Systems get a bad name. They’re restrictive. They stifle initiative and creativity. They’re a burden on energy and time. All of which is true … of bad systems. Which is the problem. Bad systems representing systems in general.
Good systems stifle needless chaos. They ensure consistency and trust in how things are done, and they free you to lift your head and see the bigger picture. They do require development, and that can be time-consuming. But the time saved overall and the momentum generated by finishing tasks in order can’t be replaced.
The Nature of Good Systems
This goes without saying: If your systems aren’t working, if you wind up serving them rather than being served, they need to change. They might need to change entirely, or you might need only to refine what you have.
Systems are meant to make your work scalable and to free you from moment-to-moment decision making. If you already know what comes next after the task you’re working on – and you know because you’ve planned ahead – you don’t have to waste time deciding what to do when you’re finished. Multiply the time saved after one task by all the tasks you have, and what you’ve gained through planning – the freedom and the time – is considerable.
All that leads to this – you need them. From one-person shops to six-figure manufacturers, you need systems and you need plans. You need to be open to changing, but more importantly, you need to do a couple of things many people don’t:
- You need to plan to the last detail; and
- You need stick to your plans.
Planning and Follow-Through Are Your Daily Legacy
Think of your plans, at the micro and macro levels, as how-to’s. If someone only vaguely aware of your processes needed to do what you do, could they?
Think of them, also, as agreements among the people involved:
- Certain things will happen at certain times and they’ll be done, and perhaps signed off on, by a person in a specific role.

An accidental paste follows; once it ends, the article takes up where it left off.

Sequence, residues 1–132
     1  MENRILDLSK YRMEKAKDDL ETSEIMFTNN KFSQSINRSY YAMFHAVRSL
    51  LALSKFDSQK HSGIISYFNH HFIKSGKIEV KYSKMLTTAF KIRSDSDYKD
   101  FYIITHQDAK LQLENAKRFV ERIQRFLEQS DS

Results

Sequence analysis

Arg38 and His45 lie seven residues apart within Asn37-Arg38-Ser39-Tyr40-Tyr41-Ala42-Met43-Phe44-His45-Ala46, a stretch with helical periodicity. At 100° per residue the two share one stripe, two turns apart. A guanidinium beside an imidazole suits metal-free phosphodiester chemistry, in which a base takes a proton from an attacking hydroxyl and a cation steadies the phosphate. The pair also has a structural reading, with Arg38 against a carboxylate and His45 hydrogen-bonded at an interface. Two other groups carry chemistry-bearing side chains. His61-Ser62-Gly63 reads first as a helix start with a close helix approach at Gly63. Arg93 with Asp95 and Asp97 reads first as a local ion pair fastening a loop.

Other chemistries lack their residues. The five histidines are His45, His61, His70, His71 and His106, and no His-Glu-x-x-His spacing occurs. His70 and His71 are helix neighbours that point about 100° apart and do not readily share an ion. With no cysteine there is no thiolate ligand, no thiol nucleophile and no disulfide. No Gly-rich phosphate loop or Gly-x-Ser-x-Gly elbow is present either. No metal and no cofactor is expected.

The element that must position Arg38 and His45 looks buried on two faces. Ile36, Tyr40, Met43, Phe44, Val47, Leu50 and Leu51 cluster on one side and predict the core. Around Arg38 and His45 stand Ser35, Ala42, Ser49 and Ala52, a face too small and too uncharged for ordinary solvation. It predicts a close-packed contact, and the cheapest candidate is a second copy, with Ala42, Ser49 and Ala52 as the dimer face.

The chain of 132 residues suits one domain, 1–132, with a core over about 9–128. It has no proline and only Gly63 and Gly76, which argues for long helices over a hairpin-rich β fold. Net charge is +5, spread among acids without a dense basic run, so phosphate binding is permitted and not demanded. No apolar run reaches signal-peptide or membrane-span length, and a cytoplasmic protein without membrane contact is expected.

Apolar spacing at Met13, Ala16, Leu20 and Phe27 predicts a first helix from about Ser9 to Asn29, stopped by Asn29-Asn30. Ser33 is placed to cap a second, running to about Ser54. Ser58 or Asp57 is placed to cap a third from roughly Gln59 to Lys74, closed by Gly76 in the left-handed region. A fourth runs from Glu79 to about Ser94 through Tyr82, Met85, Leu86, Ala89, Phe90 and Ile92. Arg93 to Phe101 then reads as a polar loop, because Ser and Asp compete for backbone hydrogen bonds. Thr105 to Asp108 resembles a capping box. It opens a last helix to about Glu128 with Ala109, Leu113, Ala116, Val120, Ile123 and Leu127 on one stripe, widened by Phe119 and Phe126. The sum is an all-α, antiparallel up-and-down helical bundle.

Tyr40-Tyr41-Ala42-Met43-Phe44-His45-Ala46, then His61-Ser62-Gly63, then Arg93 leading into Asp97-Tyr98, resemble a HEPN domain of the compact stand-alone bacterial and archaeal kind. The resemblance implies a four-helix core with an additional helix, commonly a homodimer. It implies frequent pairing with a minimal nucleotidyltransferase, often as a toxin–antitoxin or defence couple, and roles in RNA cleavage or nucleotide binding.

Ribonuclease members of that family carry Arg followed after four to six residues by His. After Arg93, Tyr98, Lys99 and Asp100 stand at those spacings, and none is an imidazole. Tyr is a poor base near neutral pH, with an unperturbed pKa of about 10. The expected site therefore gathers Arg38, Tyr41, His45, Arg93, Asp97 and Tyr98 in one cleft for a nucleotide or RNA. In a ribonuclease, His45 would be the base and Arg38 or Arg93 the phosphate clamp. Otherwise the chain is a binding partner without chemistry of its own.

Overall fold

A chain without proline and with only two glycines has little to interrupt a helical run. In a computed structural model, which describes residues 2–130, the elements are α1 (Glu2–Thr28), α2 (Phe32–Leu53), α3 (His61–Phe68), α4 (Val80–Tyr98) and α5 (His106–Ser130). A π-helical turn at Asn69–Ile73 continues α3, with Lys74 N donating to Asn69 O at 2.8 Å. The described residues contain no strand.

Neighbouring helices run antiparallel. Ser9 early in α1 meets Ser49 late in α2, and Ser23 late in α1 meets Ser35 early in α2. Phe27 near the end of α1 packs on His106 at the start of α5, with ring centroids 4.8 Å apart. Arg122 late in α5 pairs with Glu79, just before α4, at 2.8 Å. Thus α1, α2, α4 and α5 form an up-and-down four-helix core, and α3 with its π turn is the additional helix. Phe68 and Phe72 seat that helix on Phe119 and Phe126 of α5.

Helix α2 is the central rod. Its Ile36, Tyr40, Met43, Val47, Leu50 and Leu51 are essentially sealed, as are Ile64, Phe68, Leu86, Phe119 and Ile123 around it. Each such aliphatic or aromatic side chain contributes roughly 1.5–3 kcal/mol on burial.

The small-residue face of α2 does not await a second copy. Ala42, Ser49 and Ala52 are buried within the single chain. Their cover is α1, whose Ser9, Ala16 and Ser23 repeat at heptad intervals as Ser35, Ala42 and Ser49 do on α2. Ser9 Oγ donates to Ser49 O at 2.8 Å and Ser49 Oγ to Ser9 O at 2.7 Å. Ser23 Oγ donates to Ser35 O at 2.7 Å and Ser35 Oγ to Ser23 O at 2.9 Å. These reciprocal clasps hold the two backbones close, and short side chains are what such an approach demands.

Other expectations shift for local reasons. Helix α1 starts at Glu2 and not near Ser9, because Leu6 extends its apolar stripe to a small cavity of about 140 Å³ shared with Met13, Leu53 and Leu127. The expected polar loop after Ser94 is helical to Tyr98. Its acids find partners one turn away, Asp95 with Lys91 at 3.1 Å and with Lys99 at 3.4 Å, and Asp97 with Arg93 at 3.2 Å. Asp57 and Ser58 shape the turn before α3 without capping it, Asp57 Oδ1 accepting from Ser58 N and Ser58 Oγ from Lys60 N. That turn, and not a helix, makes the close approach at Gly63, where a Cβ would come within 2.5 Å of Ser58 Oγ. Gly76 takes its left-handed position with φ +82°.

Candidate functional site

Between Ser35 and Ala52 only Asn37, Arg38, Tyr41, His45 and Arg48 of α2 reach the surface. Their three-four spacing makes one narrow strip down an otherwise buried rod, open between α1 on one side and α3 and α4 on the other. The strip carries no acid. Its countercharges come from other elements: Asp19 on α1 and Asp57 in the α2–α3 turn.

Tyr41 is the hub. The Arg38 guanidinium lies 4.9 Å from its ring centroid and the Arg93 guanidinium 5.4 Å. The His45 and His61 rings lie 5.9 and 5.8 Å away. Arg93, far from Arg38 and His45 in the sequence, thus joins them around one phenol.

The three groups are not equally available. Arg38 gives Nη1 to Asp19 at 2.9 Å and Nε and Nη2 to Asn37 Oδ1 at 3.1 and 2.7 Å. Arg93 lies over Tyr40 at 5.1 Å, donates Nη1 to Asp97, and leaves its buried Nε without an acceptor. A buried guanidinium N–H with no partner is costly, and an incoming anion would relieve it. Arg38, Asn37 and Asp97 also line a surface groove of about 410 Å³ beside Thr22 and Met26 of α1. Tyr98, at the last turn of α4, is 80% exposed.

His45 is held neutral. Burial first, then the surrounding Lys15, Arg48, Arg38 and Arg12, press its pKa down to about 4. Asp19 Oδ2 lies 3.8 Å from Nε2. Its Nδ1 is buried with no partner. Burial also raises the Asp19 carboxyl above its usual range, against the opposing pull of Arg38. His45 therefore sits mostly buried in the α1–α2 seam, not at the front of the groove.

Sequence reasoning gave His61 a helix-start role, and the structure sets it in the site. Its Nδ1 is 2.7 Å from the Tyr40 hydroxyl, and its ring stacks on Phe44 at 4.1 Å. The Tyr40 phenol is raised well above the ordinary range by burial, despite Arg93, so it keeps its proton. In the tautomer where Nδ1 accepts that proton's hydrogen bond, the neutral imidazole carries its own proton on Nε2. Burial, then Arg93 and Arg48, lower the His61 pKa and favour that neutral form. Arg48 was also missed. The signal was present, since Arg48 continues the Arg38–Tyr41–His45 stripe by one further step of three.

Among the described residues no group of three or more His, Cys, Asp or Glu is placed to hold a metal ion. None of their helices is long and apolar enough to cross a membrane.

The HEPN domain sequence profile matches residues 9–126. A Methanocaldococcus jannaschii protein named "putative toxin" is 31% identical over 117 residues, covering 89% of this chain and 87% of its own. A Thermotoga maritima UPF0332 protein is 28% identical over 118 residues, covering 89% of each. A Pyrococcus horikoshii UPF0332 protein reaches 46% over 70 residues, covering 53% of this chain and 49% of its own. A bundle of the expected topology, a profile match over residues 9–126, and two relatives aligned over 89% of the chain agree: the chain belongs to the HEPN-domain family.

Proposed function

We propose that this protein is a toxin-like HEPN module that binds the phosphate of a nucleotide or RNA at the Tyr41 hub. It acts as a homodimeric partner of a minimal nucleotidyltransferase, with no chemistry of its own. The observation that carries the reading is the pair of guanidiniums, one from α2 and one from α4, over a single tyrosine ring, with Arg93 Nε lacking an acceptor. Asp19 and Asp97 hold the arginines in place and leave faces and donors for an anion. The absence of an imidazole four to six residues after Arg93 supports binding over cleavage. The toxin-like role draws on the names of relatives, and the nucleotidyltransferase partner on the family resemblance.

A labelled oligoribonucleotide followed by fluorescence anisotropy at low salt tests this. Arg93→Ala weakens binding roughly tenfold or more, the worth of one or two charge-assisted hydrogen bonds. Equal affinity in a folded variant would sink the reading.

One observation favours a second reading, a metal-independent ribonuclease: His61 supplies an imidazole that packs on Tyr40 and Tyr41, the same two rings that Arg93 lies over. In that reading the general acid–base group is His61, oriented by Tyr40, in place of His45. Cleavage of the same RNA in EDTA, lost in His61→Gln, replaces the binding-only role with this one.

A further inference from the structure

- Hand-offs are clearly defined.
- At the next step in the process, the person responsible will be able to trust that previous steps were completed according to plan.
Planning to the Last Detail
One of the problems with most plans is that they weren’t ever finished. They got to the 85% point and they stalled. Too much was left assumed or penciled in.
The truth is, plans and systems need to be frustratingly, painfully literal and complete. Check out this experiment in process, called “Making a Peanut Butter and Jelly Sandwich,” conducted by the Computer Science Department at MIT. Instructions that seemed complete to the programmers who wrote them in the early stages of the experiment allowed for putting unopened jars of peanut butter and jelly between two pieces of bread and pressing them together.
Learning to Let Go
Trusting the system means you need to know how to let go. At Botanie, one of our core principles has always been to stay scrappy – finding ways to get things done even when tools and circumstances aren’t ideal or enough.
It’s served us well, but as we grow, we discover that doing things yourself whenever possible – an essential part of staying scrappy – isn’t necessarily the best choice anymore. Doing office renovation or server maintenance yourself might no longer be the best use of your time when you could be planning a new-product introduction. Whether the solution is to hire or to out-source, the important thing is to know when systems need to change. For comprehensive information on growing your soap business, click here for a free eBook.
The Choice is Pretty Simple
Plans and systems can be your best friends in business, but you need to put in the time to make them good systems. Good systems will set you free. Bad systems will chain you down and waste your time. Like many things, you get out what you put in. With plans and systems, make sure what you put in serves you well.